|Do Americans Know The Law Regarding Police Stops?|
| Most Americans know their rights and responsibilities regarding interactions with the police. Nearly 9 in 10 (86%) Americans know drivers must show police officers photo identification if requested, while 14% think this is not required. Slightly fewer, but still an overwhelming majority (80%) know that a person may refuse a police officer's request to search the person's car. A fifth (20%) believe individuals must comply with a requested vehicle search. Seventy percent (70%) also correctly believe citizens are not required to tell police officers where they are going if asked, while 30% believe people are required to answer.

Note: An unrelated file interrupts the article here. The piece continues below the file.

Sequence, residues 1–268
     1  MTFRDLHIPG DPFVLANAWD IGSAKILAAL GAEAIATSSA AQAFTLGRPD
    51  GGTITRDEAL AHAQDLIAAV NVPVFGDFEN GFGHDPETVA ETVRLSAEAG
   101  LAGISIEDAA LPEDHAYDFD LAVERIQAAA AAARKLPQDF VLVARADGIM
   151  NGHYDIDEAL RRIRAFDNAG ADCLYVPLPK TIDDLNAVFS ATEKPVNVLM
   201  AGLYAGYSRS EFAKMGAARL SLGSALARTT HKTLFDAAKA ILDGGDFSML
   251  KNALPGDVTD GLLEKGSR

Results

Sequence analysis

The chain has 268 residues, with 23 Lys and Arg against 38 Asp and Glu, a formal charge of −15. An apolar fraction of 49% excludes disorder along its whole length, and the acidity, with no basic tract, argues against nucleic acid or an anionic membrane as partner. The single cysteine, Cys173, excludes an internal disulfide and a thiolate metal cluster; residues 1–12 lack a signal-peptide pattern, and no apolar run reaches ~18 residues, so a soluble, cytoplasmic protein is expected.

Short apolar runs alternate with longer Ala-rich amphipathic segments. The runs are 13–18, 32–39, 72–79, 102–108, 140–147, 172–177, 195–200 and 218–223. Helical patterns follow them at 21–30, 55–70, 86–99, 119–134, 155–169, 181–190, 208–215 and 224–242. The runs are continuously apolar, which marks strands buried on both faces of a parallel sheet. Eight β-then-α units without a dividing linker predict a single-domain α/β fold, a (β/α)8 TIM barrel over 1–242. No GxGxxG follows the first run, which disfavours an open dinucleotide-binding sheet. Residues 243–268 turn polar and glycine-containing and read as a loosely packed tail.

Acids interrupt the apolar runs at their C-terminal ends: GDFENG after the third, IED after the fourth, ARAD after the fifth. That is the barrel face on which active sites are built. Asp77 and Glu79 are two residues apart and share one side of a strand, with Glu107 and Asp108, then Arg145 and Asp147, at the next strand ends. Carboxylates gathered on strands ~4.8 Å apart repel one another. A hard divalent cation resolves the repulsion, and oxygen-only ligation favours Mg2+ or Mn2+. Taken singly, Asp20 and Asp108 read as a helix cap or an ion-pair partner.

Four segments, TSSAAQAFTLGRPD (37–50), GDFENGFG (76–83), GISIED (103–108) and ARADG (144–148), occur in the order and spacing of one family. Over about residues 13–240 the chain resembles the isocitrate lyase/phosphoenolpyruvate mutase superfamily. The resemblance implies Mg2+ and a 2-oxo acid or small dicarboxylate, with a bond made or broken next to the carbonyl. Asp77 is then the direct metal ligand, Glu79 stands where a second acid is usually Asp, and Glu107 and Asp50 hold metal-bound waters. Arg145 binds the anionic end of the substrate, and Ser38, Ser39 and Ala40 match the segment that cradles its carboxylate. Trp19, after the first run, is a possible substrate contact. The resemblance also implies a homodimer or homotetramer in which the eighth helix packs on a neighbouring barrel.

Americans vary little across demographic and political groups in knowing their basic rights and responsibilities when interacting with police officers, with a few exceptions. Hispanics are about twice as likely as whites to believe they must tell a police officer where they are going if asked (47% vs. 25%) and to believe they can't refuse a police officer's request to search their car (34% vs. 16%). African Americans are between whites and Hispanics. High school graduates (38%) are about twice as likely as college graduates (19%) to incorrectly believe that a citizen is required by law to tell a police officer where they are going when asked. Nevertheless majorities of Americans overall tend to know the law regarding police stops.